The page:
Wednesday, June 10, 2009

Star Trek by the Minute 006


Previous: STbtM 005 
We are on the bridge of the evil ship, Capt. Robau answers his captor's question with: "I am unfamiliar with Ambassador Spock." OK, while it may be true, it is unhelpful and an incredibly stupid response that we would not accept from a 19 year old intern answering phones for two-bit software firms in the year 2009, yet this dialogue is supposed to be coming from a ship captain? Did I mention this is not the skipper of a Pentaran mining shuttle? This command sits in the big chair for a top-of-the-line starship on a deep space exploration mission, in a future with what we hope is a passable education system. As might have been said in a performance review feedback for corrective action: "The correct response, Captain Robau, is to offer to assistance in finding the information or a resource that can provide an answer if there is one, or offer assistance in formulating options if there an answer is unavailable. Is that clear?"

For no reason, the Romulan then asks: "What is the current stardate?" which is beyond explanation. Did the Romulans suddenly decide to ignore their quest for vengeance against Spock? If they did have a major update to their information, they must realize they reappeard from a black hole (ridiculous) far in time and space from when they entered. If they wanted confirmation of their time and location requesting information about Spock and his ship make no sense. Robau replies: "Stardate? 2233.04. Where are you from?" Captain Nero decides he's had enough chatter via his intermediary and opens the cool switchblade tip on his spear, howls, and leaps toward the Captain - apparently Robau got the point. J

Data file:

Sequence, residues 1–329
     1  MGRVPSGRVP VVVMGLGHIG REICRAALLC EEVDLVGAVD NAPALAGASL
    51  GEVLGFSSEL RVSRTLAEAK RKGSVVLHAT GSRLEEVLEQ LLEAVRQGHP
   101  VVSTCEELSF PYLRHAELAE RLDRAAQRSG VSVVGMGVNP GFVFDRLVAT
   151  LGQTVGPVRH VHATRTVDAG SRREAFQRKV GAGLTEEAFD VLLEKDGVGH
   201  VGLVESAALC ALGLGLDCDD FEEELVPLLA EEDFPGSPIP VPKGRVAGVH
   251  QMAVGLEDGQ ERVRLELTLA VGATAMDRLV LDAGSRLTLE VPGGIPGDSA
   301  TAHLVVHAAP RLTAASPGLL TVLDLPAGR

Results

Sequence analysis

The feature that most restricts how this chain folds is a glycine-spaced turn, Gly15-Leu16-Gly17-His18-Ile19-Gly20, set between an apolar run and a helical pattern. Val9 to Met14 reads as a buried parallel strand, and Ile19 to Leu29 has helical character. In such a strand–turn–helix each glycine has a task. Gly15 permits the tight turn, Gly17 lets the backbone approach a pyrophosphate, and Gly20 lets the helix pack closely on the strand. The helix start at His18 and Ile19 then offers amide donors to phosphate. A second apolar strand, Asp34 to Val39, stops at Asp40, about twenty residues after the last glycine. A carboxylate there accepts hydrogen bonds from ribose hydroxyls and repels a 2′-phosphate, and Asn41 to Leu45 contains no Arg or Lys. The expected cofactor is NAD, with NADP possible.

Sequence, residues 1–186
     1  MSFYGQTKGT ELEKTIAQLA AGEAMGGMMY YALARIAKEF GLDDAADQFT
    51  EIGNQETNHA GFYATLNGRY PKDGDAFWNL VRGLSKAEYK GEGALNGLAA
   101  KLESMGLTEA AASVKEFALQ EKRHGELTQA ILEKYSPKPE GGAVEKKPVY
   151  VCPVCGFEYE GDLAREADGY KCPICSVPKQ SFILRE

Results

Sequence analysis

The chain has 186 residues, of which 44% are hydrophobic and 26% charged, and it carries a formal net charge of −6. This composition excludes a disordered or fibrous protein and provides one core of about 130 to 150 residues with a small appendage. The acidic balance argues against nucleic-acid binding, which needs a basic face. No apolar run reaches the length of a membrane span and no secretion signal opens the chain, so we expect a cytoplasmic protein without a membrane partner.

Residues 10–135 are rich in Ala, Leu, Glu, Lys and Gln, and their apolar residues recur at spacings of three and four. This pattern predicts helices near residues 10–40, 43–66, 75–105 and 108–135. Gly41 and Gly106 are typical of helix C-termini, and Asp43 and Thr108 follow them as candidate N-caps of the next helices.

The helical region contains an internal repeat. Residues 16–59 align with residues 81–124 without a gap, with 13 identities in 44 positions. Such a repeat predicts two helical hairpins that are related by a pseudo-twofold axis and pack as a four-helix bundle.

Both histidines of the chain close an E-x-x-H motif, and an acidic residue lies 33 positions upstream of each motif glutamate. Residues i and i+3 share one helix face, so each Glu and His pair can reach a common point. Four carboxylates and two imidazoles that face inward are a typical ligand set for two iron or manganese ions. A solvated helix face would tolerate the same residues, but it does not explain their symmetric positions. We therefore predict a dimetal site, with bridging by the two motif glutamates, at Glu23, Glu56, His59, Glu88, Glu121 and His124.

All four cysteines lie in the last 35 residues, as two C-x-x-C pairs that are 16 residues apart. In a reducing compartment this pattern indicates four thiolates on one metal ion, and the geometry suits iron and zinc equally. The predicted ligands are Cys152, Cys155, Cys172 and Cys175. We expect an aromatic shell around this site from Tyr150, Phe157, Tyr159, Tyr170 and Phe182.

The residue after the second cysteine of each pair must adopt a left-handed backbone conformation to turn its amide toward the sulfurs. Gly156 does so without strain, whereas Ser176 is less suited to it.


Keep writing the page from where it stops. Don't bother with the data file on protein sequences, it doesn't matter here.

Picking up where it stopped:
Now, as I recall from my single, torturous viewing, Nero went back in time and was after Spock because Romulus had been destroyed. Let's put ourselves in this situation: we've seen a horrible disaster like this, after which something inexplicable occurs and we are transported back in time prior to the catastrophe. What would you, I, or anyone do? Might we follow the most basic instinct for survival and act to avoid it? Discovering we now can easily save our entire world, families, and everything which was lost would be, well, "good" wouldn't it? No, J.J. Abrams doesn't want characters who are so predictable, he wants excitement and grittiness! His characters are full of surprises, and Nero is no exception. Rather than the typical celebration that one might expect at what everyone else would consider a miraculous answer to one's most heartfelt prayers, Nero flies into a rage and murders Robau, the bringer of the great news. This is silly, nonsensical writing.